Rings of Fractions and Fields of Fractions

I am seeking to understand Rings of Fractions and Fields of Fractions - and hence am reading Dummit and Foote Section 7.5

Exercise 3 in Section 7.5 reads as follows:

Let F be a field. Prove the F contains a unique smallest subfield and that is isomorphic to either or for some prime p. (Note: is called prime subfield of F.)

Can anyone help with this exercise.

Peter

Re: Rings of Fractions and Fields of Fractions

Are you allowed to assume that the characteristic of a field is either 0 or prime?

Re: Rings of Fractions and Fields of Fractions

D&F exercise 3 section 7.5 makes no assumptions about the Field F

However D&F Chapter 13 page 510 states that "the characteristic of a field is either 0 or a prime p"

Following this, then, you can make the assumption that you mention'

Peter

Re: Rings of Fractions and Fields of Fractions

The slick way to do it, but may not be rigorous:

__Case 1__: Characteristic zero

Let be the multiplicative identity in a field of characteristic zero. The subfield generated by is isomorphic to via the map .

__Case 2__: Characteristic , prime

Let be the multiplicative identity in a field of characteristic . The subfield generated by is isomorphic to via the map .

The detailed way to do it:

I'll drop the bar notation from .

The subfield generated by 1 is defined to be the intersection of all subfields containing 1. By the axioms of subfields, every subfield of contains 1, so is obviously the smallest subfield of .

Now we construct explicitly. Let us start with the element 1. Since (sub)fields are closed under addition, you have , so the natural numbers are contained in .

Next, by definition of subfield. We can write and , which recovers the rest of the integers.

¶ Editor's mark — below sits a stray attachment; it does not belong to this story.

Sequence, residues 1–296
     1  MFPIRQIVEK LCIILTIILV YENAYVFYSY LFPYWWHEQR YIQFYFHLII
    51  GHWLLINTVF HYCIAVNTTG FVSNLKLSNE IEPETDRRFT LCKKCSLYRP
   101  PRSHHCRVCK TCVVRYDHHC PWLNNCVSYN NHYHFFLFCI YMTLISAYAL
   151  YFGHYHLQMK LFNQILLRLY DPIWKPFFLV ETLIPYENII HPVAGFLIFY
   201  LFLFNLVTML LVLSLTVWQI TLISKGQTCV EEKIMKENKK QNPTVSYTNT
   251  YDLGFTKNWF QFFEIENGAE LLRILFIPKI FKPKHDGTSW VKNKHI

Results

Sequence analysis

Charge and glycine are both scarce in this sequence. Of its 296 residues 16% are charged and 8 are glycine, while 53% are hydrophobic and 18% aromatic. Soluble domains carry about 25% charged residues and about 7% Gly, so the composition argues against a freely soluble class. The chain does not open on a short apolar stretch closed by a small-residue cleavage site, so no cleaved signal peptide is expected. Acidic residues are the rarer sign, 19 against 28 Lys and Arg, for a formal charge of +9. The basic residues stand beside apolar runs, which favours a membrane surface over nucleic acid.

For non-zero elements, inverses exists and are themselves elements of the subfield. In particular, since for any integers (b non-zero) and every rational number is of the form , we deduce that . As such, is a subfield of . It follows that to avoid contradicting the minimality of (remember is the smallest subfield of ).

NOTE: By abuse of notation, I identified the n-fold sum of 1 with the natural number n. If you want to make things rigorous, write and , then identify with its image under the obvious isomorphism.

NOTE 2: The same kind of constructions hold for the characteristic p case - it's even easier actually.

Re: Rings of Fractions and Fields of Fractions

Thanks for your help Gusbob!

Just some points of clarification:

You write:

"The subfield K generated by 1 is defined to be the intersection of all subfields L\subset F containing 1."

This looks more like a proposition or assertion to me rather than a definition. It is easy to show that the intersection of a family of subfields is a subfield but how do you show (rigorously and formally) that "the subfield K generated by 1 is the intersection of all subfields containing 1"

You also write "K is the smallest subfield of F". How do you prove this?

Can you help?

Peter

Re: Rings of Fractions and Fields of Fractions

In the same section (7.5) of Dummit and Foote, there is a paragraph before corollary 16 that states that the subfield of generated by a set is the intersection of all subfields of containing . In this case, . That paragraph further states that this is the smallest subfield containing . If you don't want to take their word for it, just note that if contains , then for some indexing of all subfields of containing . Since every subfield must contain the multiplicative identity, is the smallest subfield of .